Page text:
However, the critical question is why the authorities would deny partial dollarisation when the policies suggest the same? Why is it important to understand whether the economy is dollarised or not and what are the implications of this? The general economic advantages of dollarisation are clear. In the case of the central bank, the overriding reason could have been the need to attract foreign currency from the black market into official channels and the need to reign in inflation. Other standard economic benefits include financial and monetary integration and stability and reduced transaction costs. Properly implemented, it is possible that the foreign currency measures could assist in reigning inflation and contribute to foreign currency inflows. As with many other previous policy prescriptions, the ‘devil is often in the detail’ the strategy may backfire in the same way that the floatation of exchange rates back in May accelerated the collapse of the Zimbabwe dollar.

However, dollarisation could have serious negative political and economic implications for the Zimbabwean economy. Politically, the main reason for the failure to admit dollarisation or partial dollarisation is because the policy is difficult to reconcile with the government’s ‘sovereignty’ argument and the occasional imperialist rants. Such a declaration would be an embarrassment to a government which professes hatred to the US governments. At a symbolic level, one of the most important national symbols is money, which serves to enhance a unique sense of national identity. Since it is issued by the government or its central bank, currency acts as a daily reminder to citizens of their connection to the state and the oneness within it. The currency underscores the fact that everyone is part of the same social entity. These effects are lost when money of a foreign state is adopted. Dollarisation is therefore a greater threat to national sovereignty than any perceived threat of recolonisation by the British.

Economically, dollarisation or partial dollarisation of the Zimbabwean economy could have negative implications. Firstly, dollarisation may result in a rapid rise in the price of commodities which in turn may result in an increase in poverty levels. The most visible example of this is an unnatural phenomenon such as accelerated inflation of the US dollar which is now estimated at more than 50 percent in Zimbabwe compared to 5.3 percent in the US. The prices of most commodities sold in US dollars in Zimbabwe is said to be 3 to 4 times higher than it is in South Africa or other countries with convertible currencies. Some houses in Harare are costing more than a house in the United Kingdom which is economically unjustifiable. Secondly, the economic benefits of dollarisation to the general population remain empirically questionable. With an estimated 80 percent unemployment, foreign earnings capacity is less than 5 percent of the population. Besides remittances from the diaspora, there is no evidence to suggest that the majority of Zimbabweans have access to foreign currency. The effect will be a natural and legitimate demand by employees to be paid in foreign currency. Third, partial dollarisation may create a bigger unintended problem; it can make financial systems more vulnerable to liquidity and solvency risks. Since the banking system itself is largely not a US dollar depository, the foreign currency circulation will be outside the banking system which results in inadequate backing for dollar liabilities and complicates the assessment of liquidity and solvency risks. When these risks cannot be adequately assessed by financial institutions and other market participants, they can create or exacerbate a financial crisis or ignite another banking crisis. Lastly, partial dollarisation often has a contagion effect. Many other shops will attempt to sell their goods and services in US dollars. This will be difficult and costly to monitor which may become the breeding ground for corruption and bribery.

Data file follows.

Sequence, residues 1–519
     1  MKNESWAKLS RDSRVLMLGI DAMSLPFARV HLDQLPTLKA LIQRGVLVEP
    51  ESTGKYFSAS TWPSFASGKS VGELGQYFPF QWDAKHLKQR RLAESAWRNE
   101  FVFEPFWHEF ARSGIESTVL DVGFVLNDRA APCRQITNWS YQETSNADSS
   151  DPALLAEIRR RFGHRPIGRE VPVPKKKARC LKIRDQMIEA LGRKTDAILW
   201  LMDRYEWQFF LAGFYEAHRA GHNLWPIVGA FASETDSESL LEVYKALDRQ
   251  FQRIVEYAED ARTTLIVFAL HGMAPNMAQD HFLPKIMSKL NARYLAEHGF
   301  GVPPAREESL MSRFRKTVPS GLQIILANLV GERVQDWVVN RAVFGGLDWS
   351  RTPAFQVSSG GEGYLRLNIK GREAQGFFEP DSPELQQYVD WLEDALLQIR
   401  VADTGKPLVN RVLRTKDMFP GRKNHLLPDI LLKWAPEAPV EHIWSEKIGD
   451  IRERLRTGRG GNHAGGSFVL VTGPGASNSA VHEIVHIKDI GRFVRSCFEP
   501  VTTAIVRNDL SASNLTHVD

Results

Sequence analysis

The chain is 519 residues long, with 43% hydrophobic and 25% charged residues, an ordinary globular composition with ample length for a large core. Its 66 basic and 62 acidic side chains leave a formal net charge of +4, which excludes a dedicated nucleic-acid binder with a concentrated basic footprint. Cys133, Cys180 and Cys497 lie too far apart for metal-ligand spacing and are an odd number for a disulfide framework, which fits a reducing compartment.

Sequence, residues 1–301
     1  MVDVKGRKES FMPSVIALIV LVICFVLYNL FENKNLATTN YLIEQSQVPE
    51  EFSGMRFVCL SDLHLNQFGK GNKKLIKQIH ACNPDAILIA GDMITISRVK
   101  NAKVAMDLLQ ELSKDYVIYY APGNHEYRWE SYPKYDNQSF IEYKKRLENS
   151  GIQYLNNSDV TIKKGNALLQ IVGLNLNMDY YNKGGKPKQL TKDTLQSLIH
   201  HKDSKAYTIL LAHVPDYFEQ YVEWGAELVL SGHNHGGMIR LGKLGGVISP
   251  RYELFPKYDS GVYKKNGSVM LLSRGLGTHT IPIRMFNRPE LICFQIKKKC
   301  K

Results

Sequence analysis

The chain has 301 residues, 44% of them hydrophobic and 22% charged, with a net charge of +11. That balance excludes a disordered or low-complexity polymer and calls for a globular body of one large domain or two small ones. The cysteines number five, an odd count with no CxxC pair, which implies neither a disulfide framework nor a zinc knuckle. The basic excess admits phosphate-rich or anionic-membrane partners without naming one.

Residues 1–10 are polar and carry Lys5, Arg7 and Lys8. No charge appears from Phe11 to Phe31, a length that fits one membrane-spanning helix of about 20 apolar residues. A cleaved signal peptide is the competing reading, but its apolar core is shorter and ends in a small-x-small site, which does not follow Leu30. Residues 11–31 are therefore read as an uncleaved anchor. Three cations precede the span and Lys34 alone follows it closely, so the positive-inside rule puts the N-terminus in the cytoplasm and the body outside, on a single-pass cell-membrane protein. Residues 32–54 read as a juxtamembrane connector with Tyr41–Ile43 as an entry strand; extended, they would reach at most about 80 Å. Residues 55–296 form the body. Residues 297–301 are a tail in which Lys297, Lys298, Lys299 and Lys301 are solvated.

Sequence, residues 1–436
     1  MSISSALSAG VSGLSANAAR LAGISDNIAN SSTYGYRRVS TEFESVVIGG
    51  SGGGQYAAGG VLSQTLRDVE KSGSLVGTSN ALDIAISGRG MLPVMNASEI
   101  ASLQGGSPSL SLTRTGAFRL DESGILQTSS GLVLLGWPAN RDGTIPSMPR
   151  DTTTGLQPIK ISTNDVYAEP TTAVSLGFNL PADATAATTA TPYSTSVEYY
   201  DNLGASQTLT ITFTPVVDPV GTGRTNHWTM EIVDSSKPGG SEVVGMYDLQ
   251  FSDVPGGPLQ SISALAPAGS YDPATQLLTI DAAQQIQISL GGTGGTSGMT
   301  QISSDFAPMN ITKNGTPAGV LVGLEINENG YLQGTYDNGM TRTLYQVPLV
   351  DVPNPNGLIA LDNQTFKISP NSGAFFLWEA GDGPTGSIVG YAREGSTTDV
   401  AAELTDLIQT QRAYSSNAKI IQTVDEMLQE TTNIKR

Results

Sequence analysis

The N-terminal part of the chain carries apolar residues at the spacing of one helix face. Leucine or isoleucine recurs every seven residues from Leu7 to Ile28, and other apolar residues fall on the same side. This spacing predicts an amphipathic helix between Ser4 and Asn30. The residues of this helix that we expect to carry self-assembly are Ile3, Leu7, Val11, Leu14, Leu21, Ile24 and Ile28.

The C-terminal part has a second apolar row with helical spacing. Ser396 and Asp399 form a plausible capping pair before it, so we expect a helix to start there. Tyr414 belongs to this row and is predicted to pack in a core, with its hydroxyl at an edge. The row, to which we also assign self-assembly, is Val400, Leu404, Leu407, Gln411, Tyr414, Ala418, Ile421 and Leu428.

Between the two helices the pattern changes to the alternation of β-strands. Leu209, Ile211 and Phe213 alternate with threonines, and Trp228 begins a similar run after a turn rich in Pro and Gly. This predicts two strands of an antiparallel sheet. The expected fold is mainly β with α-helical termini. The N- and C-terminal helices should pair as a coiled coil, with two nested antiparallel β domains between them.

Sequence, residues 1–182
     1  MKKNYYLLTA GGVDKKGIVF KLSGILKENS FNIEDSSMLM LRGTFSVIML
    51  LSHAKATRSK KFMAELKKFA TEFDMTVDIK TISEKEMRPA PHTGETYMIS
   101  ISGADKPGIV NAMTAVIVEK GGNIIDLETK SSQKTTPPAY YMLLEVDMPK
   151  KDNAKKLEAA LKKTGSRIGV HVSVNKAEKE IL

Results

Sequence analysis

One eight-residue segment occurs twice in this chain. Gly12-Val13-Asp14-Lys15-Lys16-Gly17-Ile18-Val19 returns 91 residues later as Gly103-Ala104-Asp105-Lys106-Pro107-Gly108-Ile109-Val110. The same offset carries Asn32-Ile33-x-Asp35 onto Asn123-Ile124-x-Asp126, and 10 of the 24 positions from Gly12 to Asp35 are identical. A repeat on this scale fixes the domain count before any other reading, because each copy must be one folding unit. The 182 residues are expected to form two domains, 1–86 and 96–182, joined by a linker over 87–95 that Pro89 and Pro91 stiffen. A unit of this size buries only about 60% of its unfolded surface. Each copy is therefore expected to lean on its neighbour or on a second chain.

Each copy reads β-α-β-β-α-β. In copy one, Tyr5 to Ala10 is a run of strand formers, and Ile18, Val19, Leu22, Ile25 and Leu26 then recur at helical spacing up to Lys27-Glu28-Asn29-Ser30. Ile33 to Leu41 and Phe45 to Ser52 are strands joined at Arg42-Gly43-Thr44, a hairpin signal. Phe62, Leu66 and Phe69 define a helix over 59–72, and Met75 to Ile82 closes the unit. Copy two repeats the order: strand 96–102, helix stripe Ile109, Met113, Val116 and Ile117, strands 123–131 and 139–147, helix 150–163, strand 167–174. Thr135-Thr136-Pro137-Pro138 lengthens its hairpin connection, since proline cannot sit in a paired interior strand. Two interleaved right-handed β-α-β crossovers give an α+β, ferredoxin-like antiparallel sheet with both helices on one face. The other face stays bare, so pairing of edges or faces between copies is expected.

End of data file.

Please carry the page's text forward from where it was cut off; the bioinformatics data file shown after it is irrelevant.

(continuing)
The unofficial dollarisation or at least partial dollarisation of the Zimbabwean economy appears to be fait accomplis due to the collapsed state of the Zim dollar. In my opinion, FOLIWARS and Dollarisation are the same side of the coin. However, the problem of definition is not as important as putting in place economic mechanisms to ensure that some of the problems generally associated with dollarisation do not result in increased poverty to the majority of Zimbabweans already crippled by the current economic nightmare or financial disequilibrium which may result in another banking crisis.

Lance Mambondiani is an Investment Executive at Coronation Financial. The view expressed in this articles are personal and do not necessarily reflect the position of Coronation Financial. To join the discussion on this article visit Lance’s blog or his facebook discussion forum. He can also be reached on coronation.uk@btinternet.com